(d) Selling expenses per unit will remain the same,
(e) Other expenses will remain unaffected by the rise in output.
In respect of a factory the following figures have been obtained for the year 2011:
Cost of material Rs. 6,00,000; Direct wages Rs. 5,00,000; Factory overheads Rs. 3,00,000; Administrative overheads Rs. 3,36,000; Selling overheads Rs. 2,24,000 ; Distribution overheads Rs. 1,40,000 and Profit Rs. 4,20,000.
A work order has been executed in 2012 and the following expenses have been incurred: Materials Rs. 8,000 and wages Rs. 5,000.
Assuming that in 2012 the rate of factory overheads has increased by 20%, distribution overheads have gone down by 10% and selling and administration overheads have each gone up by 12½%, at what price should the product be sold so as to earn the same rate of profit on the selling price as in 2011?
Factory overhead is based on direct wages while all other overheads are based on factory cost.
The Managing Director of a small manufacturing concern consults you as to the minimum price at which he can sell the output of one of the departments of the company which is intended for mass production in future. The company’s records show the following particulars for this department for the past year for production and sales of 100 units.
Materials Rs. 14,000; Direct Labour Rs. 7,000; Works Overheads Rs. 7,000; Administration Overheads Rs. 2,800; Selling Overheads Rs. 3,200; Profit Rs. 6,000.
You ascertain that 40% of the works overheads fluctuate directly with production and 70% of the selling overheads fluctuate with sales. It is anticipated that the department would produce 500 units per annum and that direct labour charges per unit will be reduced by 20%, while fixed works overheads will increase by Rs. 3,000. Administration overheads and fixed selling overheads are expected to show an increase of 25% but otherwise no changes are anticipated.
A factory’s normal capacity is 1,20,000 units per annum. The estimated costs of production are as under:
Direct Materials Rs. 3 per unit; Direct Labour Rs. 2 per unit (subject to a minimum of Rs. 12,000 p.m.).
Overheads—Fixed Rs. 1,60,000 per annum; variable Rs. 2 per unit; semi-variable Rs. 60,000 p.a. upto 50% capacity and an additional Rs. 20,000 for every 20% increase in capacity or part thereof. Each unit of raw material yields scrap which is sold at the rate of 20 paise. In 2012 the factory worked at 50% capacity for the first three months but it was expected that it would work @ 80% capacity for the remaining 9 months.
During the first three months, the selling price per unit was f 12. What should be the price in the remaining nine months to produce a total profit of Rs. 2,18,000?
From the following particulars of Rosa Ram Ltd. for three months ending 31st March, 2012 prepare:
(a) Cost sheet for the period giving various costs, and
(b) Profit and Loss Account for the quarter showing profit per barrel.
Wages Rs. 12,000, Coal and Oil RS. 11,200, Cooperage, Corks and Shives RS. 4,000, Malt Rs40,000, Hops RS. 10,800, Beer Duty Rs2,80,000, Water RS. 1,000, Rent and Taxes RS. 6,000, By product RS. 3,600, Sugar RS. 14,000, Preservatives RS. 1,600, Other Materials RS. 1,200, Repairs RS. 1,800, Depreciation RS. 1,200, Administration Expenses RS. 24,000, Selling and Distribution Expenses RS. 30,000.
Opening stock of beer RS. 40,500 (300 barrels), Closing stock of beer Rs. 67,500 (500 barrels) Beer Sales RS. 4,98,00Q (2,800 barrels). Beer brewed during the period 3,000 barrels.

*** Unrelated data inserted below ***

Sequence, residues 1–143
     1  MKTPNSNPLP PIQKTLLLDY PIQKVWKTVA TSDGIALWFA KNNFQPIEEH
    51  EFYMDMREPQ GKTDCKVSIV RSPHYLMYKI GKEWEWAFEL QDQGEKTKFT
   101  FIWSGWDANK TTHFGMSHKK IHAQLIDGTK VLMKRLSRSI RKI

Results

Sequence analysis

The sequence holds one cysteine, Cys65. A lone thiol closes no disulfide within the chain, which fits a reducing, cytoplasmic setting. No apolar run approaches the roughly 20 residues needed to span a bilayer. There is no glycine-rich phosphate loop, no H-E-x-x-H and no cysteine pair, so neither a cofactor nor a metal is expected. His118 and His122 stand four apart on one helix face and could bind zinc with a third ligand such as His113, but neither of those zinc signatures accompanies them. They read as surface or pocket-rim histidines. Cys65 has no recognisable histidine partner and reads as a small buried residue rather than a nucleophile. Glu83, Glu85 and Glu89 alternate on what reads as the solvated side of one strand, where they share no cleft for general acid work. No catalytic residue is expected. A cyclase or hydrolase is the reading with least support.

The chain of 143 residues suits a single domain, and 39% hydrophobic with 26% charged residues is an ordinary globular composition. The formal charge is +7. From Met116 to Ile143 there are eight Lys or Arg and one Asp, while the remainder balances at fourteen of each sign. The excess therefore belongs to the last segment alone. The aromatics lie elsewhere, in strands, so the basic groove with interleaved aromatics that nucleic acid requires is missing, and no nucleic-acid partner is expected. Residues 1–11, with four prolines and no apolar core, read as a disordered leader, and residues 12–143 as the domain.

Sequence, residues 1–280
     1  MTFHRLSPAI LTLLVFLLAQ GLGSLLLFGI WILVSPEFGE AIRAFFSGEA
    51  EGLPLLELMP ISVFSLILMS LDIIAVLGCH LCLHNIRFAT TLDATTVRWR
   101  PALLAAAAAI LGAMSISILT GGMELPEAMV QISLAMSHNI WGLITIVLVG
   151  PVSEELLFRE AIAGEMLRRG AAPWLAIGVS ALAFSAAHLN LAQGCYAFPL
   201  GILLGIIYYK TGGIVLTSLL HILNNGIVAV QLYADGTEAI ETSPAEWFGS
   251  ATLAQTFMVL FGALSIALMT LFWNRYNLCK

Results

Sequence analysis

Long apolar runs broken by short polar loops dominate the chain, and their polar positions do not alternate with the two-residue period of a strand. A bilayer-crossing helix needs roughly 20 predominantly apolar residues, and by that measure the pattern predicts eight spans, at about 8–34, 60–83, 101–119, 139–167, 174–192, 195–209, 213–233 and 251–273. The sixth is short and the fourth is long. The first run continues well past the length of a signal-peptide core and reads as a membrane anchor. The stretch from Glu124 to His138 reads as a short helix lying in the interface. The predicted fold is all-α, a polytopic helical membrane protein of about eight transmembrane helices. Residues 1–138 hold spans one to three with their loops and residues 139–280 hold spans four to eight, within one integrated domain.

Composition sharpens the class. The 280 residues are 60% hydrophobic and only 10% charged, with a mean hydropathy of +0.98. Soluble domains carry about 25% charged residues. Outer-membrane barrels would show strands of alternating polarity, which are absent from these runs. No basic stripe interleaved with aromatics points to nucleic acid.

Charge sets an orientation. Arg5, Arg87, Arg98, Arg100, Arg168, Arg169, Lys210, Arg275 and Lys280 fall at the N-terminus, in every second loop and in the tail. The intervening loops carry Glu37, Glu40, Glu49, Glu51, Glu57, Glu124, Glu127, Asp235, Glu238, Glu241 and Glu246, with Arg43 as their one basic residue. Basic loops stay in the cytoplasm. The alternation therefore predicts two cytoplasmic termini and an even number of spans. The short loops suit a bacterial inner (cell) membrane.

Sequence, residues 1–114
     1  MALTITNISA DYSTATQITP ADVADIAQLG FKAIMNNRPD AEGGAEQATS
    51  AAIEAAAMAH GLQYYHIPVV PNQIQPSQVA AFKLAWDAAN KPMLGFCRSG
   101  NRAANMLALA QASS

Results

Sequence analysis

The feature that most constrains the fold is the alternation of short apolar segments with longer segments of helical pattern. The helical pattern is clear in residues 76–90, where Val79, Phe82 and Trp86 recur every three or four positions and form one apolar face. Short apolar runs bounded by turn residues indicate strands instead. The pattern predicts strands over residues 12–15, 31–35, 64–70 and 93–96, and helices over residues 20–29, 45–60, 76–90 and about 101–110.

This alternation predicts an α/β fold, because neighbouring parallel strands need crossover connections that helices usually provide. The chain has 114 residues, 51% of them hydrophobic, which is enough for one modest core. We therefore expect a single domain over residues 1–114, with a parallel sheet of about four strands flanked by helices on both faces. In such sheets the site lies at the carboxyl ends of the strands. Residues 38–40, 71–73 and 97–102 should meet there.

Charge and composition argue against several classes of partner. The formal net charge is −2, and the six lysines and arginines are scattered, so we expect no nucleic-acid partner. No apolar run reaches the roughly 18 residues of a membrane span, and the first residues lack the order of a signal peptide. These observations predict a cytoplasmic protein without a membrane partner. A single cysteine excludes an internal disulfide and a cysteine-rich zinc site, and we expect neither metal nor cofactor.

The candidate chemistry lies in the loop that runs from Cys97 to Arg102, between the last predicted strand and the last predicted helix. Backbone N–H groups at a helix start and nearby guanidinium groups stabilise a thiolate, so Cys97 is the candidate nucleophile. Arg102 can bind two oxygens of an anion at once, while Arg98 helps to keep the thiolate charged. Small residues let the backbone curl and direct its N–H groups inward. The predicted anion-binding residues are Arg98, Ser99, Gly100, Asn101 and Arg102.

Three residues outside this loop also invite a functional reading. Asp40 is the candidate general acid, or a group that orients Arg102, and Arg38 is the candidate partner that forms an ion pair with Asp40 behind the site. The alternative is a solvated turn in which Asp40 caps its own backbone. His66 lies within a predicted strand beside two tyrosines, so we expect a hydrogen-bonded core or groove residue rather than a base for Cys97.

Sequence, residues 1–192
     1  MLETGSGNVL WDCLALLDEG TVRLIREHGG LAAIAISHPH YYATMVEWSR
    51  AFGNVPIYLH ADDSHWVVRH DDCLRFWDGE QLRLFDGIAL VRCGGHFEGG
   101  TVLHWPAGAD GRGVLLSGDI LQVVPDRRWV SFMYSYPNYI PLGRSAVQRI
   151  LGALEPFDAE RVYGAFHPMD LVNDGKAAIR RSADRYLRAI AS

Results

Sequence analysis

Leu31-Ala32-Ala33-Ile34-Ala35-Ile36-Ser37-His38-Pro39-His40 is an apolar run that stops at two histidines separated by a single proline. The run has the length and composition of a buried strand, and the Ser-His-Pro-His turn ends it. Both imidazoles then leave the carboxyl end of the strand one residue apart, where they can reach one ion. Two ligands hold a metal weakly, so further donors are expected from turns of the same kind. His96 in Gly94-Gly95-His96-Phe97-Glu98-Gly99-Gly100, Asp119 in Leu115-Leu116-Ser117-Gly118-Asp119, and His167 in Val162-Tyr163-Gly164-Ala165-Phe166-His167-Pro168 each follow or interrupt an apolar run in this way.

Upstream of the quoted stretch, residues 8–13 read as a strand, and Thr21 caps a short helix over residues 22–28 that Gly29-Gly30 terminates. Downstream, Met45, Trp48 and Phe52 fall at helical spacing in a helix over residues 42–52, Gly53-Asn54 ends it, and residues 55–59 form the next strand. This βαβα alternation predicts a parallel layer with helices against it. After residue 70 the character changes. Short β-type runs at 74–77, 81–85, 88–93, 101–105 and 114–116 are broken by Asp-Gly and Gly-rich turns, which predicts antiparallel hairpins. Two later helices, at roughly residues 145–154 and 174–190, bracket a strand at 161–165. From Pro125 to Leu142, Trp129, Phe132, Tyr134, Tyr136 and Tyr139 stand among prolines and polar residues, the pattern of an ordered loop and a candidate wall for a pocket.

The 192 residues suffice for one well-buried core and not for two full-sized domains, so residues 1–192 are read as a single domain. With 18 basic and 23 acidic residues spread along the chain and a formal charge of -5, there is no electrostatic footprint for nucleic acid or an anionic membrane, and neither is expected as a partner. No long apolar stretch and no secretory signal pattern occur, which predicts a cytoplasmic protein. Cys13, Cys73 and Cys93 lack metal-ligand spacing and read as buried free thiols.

Following figures are collected from the books of the Iron Foundry after the close of the year:
10% of the castings were rejected being not up to the specification and a sum of ₹ 400 was realised on sale as scrap. 10% of the finished castings were found to be defective in manufacture and were rectified by expenditure of additional works overhead charges to the extent of 20% on the proportionate direct wages. The total gross output of casting during the year was 1,000 tons. Find out the manufacturing cost of the saleable casting per ton.
∴ Manufacturing cost of the saleable casting per ton is
A company presently sells an equipment for Rs. 35,000. Increase in prices of labour and material cost are anticipated to the extent of 15% and 10% respectively in the coming year. Material cost represents 40% of cost of sales and labour cost 30% of cost of sales. The remaining relates to overheads. If the existing selling price is retained, despite the increase in labour and material prices, the company would face a 20% decrease in the existing amount of profit on the equipment.
You are required to arrive at a selling price so as to give the same percentage of profit on increased cost of sales, as before. Prepare a statement of profit/loss per unit, showing the new selling price and cost per unit in support of your answer.
Profit for the current year = 35,000 - x
∴(₹ 35,000 - x)- (₹ 35,000 - 1.085 x)= 20% of (₹ 35,000 - x)
or ₹ 35,000 - x - ₹ 35,000 + 1.085 x = ₹ 7,000 - .20 x
or .285 x = ₹ 7,000
Hence Cost of Sales = ₹ 24561.
Current Profit = ₹ 35000 - ₹ 24561 = ₹ 10,439
% of Current profit to Cost of Sales
Thus to obtain the same percentage of profit after the anticipated changes, the new selling price should be as follows :
A company makes two district types of vehicles A and B. The total expenses during a period as shown by the books of assembly of 600 of A and 800 of B are as under:
Calculate the cost of each vehicle per unit giving reason for the basis c 'apportionment adopted by you.
From the following particulars prepare a Production Account showing all details of cost and their break up and also calculate gross profit and net profit.